How has Authy 2FA changed over the years, and what improvements can we expect in 2017?
Authy has always been focused on the user experience. It was designed with multi-device and cloud backup features to get around the problems people had with popular apps like Google Authenticator. But it was initially designed around the “one-time password” idea for 2FA, where someone uses a code that’s valid just once, as part of the login. I don’t need to tell you that this is an awful user experience. So in recent years we’ve launched the much-improved OneTouch feature and we’ve seen this idea validated by companies like Google, who recently launched Google Prompt, and SalesForce, with their Lightning Login service.
For 2017, we have a lot on our roadmap. First, we need to make the next level shift for the mobile apps. We’ve spent a lot of time looking at the API, and now we need to turn our attention once more to the app experience. They lost a little love at the start of the year, and we are very close to releasing some major new user experience enhancements. Then it’s back to the API, which will see some major updates in 2017. I can’t go into detail, but our customers are now demanding more than just 2FA. They want intelligence in their authentication.
What threats or problems must security products like Authy solve for?
The biggest problem is not about security. Security, in many regards, is obvious. You can test for it, design for it, and add numerous elements to a technology to make it secure. But that’s just paperwork. The hardest problem to solve is how people interact with it. Someone, somewhere once told an amusing story about the most secure computer in the world: it has no keyboard, no mouse, no monitor and it’s not connected to any network. Oh… and it’s not switched on. VERY secure computer, but utterly pointless.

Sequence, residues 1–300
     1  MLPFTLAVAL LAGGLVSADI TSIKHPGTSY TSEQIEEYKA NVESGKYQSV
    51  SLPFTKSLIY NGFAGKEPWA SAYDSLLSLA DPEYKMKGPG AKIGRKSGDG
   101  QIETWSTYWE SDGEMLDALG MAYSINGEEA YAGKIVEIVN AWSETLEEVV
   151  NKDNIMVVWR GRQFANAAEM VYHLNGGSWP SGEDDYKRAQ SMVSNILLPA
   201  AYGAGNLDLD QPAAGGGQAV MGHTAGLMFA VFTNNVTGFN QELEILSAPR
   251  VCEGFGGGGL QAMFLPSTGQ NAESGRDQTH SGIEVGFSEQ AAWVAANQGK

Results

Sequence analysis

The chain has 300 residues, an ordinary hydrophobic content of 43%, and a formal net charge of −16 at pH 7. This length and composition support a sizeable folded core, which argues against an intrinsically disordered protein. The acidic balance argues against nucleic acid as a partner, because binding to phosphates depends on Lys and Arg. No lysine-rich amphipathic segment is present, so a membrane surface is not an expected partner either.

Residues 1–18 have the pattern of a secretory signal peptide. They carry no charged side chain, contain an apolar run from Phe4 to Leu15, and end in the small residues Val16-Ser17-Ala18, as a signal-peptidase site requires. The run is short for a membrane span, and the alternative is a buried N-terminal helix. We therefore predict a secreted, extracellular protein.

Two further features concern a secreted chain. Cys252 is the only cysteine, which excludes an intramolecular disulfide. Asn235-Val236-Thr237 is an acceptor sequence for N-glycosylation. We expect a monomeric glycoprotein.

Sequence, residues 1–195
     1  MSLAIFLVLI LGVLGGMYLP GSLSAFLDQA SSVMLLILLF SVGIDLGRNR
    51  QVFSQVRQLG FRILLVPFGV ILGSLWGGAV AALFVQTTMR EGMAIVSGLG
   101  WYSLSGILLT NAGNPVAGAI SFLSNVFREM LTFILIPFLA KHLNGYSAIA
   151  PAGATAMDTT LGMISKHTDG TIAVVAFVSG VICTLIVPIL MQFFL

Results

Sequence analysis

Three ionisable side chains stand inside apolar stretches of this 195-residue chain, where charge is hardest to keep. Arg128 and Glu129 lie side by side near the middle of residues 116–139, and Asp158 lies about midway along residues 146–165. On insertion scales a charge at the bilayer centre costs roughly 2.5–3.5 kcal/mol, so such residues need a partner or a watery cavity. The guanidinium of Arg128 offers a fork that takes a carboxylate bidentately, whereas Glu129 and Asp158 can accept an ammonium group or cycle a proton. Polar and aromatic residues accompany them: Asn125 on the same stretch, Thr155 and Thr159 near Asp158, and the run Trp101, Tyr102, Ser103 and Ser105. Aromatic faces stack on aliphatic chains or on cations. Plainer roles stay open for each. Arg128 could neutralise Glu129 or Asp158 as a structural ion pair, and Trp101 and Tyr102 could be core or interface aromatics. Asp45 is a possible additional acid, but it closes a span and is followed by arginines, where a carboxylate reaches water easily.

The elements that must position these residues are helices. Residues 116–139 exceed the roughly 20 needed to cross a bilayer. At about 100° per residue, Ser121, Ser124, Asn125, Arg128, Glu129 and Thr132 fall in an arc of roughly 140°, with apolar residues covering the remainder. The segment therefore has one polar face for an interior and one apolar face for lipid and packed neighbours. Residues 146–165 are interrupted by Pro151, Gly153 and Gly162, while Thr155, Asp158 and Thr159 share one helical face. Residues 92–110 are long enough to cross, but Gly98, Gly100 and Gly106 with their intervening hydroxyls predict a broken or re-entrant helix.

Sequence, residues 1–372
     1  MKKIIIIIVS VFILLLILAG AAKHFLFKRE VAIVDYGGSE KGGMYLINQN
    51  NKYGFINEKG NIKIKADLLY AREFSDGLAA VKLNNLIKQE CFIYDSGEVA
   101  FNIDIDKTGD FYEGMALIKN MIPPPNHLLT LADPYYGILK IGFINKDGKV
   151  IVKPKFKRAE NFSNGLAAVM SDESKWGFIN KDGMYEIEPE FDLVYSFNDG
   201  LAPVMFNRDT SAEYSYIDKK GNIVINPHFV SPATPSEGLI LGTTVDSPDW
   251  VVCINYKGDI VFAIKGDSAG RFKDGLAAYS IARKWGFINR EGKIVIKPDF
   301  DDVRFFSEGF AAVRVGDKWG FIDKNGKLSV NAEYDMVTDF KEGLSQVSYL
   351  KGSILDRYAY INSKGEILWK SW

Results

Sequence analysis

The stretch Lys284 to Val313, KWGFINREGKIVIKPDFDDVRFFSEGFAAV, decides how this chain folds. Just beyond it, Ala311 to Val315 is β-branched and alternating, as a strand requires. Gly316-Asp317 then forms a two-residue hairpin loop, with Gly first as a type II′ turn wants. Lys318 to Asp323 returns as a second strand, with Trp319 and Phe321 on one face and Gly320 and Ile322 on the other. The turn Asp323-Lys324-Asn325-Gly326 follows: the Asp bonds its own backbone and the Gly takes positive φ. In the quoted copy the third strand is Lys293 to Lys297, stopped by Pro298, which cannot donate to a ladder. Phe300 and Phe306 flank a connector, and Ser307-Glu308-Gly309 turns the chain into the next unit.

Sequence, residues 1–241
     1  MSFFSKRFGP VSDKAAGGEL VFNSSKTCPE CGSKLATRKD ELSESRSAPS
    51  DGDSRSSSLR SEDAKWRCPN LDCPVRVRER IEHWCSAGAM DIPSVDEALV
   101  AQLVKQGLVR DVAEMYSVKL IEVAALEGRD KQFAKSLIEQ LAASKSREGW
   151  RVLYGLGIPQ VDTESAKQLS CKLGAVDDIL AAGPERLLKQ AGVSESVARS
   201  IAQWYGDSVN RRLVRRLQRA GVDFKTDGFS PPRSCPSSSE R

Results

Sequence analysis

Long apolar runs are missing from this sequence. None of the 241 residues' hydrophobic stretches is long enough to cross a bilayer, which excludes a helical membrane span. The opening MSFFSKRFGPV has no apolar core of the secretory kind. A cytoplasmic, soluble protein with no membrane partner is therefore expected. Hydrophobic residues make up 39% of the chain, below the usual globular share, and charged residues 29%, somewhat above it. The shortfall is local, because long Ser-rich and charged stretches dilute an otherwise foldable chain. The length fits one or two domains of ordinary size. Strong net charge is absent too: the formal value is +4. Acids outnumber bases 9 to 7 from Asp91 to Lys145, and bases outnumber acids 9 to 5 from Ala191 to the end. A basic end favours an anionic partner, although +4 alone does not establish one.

People’s behavior is the hardest thing about security. For two reasons. One, they want to be secure, but don’t want it to impact how they use their computers. Two, they don’t pay attention to anything you tell them. Want proof? For the past 3 years, the most popular password was “123456.” Before that, it was “password” which is currently the second most popular password. I don’t expect that to change in 2016.
So creating a secure system that is also easy to use is what’s difficult. That balance between usability and security is a constantly changing target and, when the needle moves too far in either direction, we fail to meet our objective.
Part of Authy’s challenge is to get the software used by developers so that they can protect their user’s accounts. But you also have to motivate user adoption, many of whom still haven’t gotten the message.
Unfortunately, like many things, it’s putting the cart before the horse. 2FA is usually adopted by people after they’ve been hacked. Security is like insurance, you don’t realize you need it until your house burns down. This is true for both application developers and end-users. How do you motivate adoption? Well… we see a few different ways that application owners nudge people into better protecting their information.